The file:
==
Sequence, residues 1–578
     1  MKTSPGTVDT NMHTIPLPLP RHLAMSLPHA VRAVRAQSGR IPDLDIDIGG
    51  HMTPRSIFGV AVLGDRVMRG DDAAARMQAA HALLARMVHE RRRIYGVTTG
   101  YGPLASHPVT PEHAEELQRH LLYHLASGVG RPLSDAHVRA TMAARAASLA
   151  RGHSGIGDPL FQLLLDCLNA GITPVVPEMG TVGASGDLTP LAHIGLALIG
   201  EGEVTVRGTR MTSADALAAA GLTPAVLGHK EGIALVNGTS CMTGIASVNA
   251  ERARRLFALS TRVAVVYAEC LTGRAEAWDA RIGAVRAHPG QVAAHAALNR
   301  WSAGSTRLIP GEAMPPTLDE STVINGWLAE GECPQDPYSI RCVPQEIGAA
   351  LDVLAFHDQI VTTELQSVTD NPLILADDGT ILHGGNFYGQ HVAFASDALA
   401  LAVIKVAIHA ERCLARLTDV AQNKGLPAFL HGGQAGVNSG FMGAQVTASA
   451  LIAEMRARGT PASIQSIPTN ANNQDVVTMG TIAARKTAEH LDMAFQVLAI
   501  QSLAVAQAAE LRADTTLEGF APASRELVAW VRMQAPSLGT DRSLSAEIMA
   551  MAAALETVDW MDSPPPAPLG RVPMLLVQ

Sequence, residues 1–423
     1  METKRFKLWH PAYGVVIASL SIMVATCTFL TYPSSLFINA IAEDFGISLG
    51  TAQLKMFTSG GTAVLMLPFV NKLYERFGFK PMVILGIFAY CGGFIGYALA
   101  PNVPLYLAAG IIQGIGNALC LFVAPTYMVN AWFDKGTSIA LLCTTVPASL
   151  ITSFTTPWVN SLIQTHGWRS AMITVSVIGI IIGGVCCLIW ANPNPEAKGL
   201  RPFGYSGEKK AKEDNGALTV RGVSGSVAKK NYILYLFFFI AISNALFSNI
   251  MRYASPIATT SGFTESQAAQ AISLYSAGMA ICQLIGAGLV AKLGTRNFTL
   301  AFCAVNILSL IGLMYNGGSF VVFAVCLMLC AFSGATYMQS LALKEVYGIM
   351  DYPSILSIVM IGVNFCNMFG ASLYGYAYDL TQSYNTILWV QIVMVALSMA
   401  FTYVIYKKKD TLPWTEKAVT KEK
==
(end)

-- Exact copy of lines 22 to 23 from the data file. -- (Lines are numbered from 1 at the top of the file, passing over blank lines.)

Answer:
   351  DYPSILSIVM IGVNFCNMFG ASLYGYAYDL TQSYNTILWV QIVMVALSMA
   401  FTYVIYKKKD TLPWTEKAVT KEK